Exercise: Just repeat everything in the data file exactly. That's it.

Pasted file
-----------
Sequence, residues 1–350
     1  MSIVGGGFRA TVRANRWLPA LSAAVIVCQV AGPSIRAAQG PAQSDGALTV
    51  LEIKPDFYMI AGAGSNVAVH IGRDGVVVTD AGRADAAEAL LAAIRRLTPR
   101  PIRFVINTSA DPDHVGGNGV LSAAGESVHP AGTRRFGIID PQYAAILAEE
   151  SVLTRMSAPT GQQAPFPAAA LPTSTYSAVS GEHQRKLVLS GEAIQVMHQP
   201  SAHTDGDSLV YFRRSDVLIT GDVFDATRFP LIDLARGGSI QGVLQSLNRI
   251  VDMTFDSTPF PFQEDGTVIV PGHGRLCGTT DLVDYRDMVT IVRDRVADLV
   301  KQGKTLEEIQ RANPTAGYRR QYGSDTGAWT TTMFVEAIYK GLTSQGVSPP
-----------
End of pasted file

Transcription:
Sequence, residues 1–350
     1  MSIVGGGFRA TVRANRWLPA LSAAVIVCQV AGPSIRAAQG PAQSDGALTV
    51  LEIKPDFYMI AGAGSNVAVH IGRDGVVVTD AGRADAAEAL LAAIRRLTPR
   101  PIRFVINTSA DPDHVGGNGV LSAAGESVHP AGTRRFGIID PQYAAILAEE
   151  SVLTRMSAPT GQQAPFPAAA LPTSTYSAVS GEHQRKLVLS GEAIQVMHQP
   201  SAHTDGDSLV YFRRSDVLIT GDVFDATRFP LIDLARGGSI QGVLQSLNRI
   251  VDMTFDSTPF PFQEDGTVIV PGHGRLCGTT DLVDYRDMVT IVRDRVADLV
   301  KQGKTLEEIQ RANPTAGYRR QYGSDTGAWT TTMFVEAIYK GLTSQGVSPP